6 Reasons To Spay or Neuter Your DogComments Off on 6 Reasons To Spay or Neuter Your Dog
A DogGeek.com exclusive by Teresa Barker
Spaying or neutering your newly adopted dog is one of the first steps in helping them live a long and healthy life. It’s a minimally invasive day surgery that benefits their health, your home life, and the community at large. Here’s a few of the reasons why:
- It reduces the risk of uterine infection and cancer (Breast cancer in female dogs and Testicular cancer in male dogs).
- It reduces the risk of straying from home in search of a mate, where running in the street and getting hit are a high risk.
- It reduces aggressive and territorial behavior, as well as annoying mating rituals such as spraying and trying to escape out the door every time it opens. Also, dominance behaviors with family members will be minimized with sterilization.
- It doesn’t hurt them, physically or emotionally. The surgery is done under general anaesthetic and is painless. The recovery consists of keeping them away from the stitches and from jumping or running (again to avoid disrupting the stitches). The only post-surgery requirements are to keep an eye on the stitches and monitor your dog’s activity level. As far as emotional “loss” of reproductive capability, these feelings are complete projections made by humans. When you bring a dog into your family, spaying or neutering allows them to focus on being a part of your established pack, instead of being driven by the urge to reproduce.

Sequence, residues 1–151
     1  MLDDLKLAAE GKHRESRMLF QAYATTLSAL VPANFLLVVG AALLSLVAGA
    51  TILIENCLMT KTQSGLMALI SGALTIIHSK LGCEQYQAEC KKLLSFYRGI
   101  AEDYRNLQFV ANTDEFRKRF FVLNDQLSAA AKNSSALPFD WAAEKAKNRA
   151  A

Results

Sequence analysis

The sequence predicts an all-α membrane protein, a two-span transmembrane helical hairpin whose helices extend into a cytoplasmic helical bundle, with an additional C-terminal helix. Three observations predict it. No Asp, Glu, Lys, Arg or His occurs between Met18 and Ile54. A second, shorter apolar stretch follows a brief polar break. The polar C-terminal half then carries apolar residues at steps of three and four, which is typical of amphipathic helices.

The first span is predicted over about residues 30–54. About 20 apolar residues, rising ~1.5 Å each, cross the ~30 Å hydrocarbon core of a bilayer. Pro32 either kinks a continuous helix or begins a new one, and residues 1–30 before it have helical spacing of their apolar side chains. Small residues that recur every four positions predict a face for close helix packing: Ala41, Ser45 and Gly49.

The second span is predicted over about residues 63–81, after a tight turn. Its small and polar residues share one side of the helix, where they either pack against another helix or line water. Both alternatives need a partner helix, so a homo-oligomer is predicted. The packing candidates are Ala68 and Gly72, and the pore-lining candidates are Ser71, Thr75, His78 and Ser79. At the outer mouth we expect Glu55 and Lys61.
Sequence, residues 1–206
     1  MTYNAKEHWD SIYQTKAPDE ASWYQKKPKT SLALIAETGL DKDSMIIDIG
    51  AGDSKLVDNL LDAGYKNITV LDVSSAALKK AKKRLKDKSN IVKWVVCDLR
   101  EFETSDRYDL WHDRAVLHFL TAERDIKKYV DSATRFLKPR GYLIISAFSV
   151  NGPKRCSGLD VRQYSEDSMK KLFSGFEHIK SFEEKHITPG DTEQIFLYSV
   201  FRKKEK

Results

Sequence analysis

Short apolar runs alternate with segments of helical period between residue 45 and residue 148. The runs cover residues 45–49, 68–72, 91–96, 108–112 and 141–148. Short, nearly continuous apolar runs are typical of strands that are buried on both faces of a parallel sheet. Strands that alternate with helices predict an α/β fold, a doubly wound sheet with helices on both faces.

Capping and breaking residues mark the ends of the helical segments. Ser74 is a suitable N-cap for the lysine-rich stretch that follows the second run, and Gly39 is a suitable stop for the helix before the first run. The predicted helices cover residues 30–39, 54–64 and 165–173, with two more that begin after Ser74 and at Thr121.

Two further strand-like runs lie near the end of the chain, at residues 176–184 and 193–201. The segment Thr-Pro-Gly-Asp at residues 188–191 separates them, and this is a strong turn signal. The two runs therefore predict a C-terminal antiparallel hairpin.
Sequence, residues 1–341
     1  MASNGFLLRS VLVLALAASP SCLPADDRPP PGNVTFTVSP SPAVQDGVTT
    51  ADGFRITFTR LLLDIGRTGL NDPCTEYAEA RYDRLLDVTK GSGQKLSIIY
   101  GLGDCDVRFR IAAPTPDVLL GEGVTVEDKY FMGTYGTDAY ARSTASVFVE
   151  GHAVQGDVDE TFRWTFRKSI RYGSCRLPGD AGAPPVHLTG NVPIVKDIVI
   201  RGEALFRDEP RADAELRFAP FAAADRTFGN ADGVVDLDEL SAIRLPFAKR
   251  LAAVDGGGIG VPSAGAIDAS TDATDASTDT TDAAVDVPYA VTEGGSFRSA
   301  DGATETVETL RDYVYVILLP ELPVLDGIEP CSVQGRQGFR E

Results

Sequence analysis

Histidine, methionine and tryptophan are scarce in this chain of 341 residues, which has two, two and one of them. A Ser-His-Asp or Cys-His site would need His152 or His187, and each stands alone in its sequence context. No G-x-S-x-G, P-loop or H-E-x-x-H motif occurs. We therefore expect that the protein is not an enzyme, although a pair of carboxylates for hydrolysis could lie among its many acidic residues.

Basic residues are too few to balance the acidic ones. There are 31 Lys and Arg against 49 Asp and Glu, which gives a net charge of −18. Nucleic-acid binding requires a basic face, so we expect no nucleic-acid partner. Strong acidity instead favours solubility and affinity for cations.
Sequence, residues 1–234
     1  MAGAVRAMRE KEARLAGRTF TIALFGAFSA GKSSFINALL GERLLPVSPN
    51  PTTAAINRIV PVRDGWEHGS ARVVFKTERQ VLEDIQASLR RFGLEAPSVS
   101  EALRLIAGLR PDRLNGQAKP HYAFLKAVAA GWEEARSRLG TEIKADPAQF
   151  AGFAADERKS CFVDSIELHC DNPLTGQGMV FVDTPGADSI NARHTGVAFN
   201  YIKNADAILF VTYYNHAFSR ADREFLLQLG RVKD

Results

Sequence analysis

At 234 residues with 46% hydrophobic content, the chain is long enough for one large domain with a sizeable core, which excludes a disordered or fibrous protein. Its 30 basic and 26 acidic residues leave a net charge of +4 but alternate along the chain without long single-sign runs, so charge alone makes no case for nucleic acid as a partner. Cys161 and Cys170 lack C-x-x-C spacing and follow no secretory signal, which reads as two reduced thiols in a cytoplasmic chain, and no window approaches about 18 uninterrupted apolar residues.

- It’s one way to help the pet overpopulation epidemic. It’s a fact that millions of dogs, of all ages and breeds, are euthanized every year due to pet overpopulation. Unplanned litters and unsterilized strays perpetuate the cycle that can be prevented by one simple medical procedure.
- The cost to spay or neuter is minimal and can even be free. Most cities offer low-cost spay/neuter programs and most shelters sterilize before they allow adoption, so the cost of adoption includes it. Also, it is much cheaper than medical bills related to straying from home, dominant behavior, injuries, or birthing a litter.
Your decision to spay or neuter your new canine family member is one of the best things that you can do for his/her life, as well as, the lives of thousands of other dogs who don’t get adopted. If you are still undecided or need financial help, call your local vet for free advice.